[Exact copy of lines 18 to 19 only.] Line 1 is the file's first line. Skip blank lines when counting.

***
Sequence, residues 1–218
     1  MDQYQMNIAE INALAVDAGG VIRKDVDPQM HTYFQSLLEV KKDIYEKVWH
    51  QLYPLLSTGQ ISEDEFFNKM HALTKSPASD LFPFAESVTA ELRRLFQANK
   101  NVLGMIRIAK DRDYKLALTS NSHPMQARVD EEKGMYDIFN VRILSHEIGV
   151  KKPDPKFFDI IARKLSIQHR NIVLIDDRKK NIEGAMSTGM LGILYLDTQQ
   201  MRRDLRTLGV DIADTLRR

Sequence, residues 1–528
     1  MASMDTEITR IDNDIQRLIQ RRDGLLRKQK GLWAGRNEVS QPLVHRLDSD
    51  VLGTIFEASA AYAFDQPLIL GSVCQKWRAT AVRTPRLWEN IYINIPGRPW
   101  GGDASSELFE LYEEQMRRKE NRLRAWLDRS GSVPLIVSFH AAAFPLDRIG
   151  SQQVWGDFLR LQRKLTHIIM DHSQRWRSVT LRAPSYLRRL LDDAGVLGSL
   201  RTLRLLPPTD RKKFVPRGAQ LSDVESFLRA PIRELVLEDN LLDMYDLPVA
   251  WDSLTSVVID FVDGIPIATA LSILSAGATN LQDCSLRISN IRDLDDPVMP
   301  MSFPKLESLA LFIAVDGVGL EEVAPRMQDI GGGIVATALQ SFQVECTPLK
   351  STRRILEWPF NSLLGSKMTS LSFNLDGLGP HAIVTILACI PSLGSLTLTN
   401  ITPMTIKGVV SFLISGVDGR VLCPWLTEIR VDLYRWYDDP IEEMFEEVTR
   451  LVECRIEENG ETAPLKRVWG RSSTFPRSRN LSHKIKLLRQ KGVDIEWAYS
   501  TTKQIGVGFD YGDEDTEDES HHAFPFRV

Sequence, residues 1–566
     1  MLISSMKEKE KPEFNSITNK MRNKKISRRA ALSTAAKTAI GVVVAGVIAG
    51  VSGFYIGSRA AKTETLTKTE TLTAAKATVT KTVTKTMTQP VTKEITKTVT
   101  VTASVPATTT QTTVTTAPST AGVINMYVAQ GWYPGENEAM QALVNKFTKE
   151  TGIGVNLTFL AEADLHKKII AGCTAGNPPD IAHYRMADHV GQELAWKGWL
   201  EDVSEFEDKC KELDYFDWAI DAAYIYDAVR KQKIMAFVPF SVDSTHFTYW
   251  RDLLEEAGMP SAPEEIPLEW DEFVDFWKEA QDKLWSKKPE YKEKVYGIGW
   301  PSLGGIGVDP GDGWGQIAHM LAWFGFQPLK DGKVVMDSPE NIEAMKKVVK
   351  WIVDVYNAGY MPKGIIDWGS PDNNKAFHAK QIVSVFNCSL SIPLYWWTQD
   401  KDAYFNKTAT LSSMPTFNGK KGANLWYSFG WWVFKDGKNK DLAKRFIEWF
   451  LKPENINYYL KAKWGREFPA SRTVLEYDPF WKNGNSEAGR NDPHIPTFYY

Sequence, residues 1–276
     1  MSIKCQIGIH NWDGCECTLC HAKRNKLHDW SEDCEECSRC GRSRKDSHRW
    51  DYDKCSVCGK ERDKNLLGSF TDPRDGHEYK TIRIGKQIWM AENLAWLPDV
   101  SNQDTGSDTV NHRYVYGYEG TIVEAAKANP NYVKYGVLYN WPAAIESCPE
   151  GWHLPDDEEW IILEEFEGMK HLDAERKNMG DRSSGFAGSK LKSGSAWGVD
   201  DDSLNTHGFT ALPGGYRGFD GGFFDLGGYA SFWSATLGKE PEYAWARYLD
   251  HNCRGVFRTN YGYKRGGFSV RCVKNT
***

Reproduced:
   501  TTKQIGVGFD YGDEDTEDES HHAFPFRV

Sequence, residues 1–566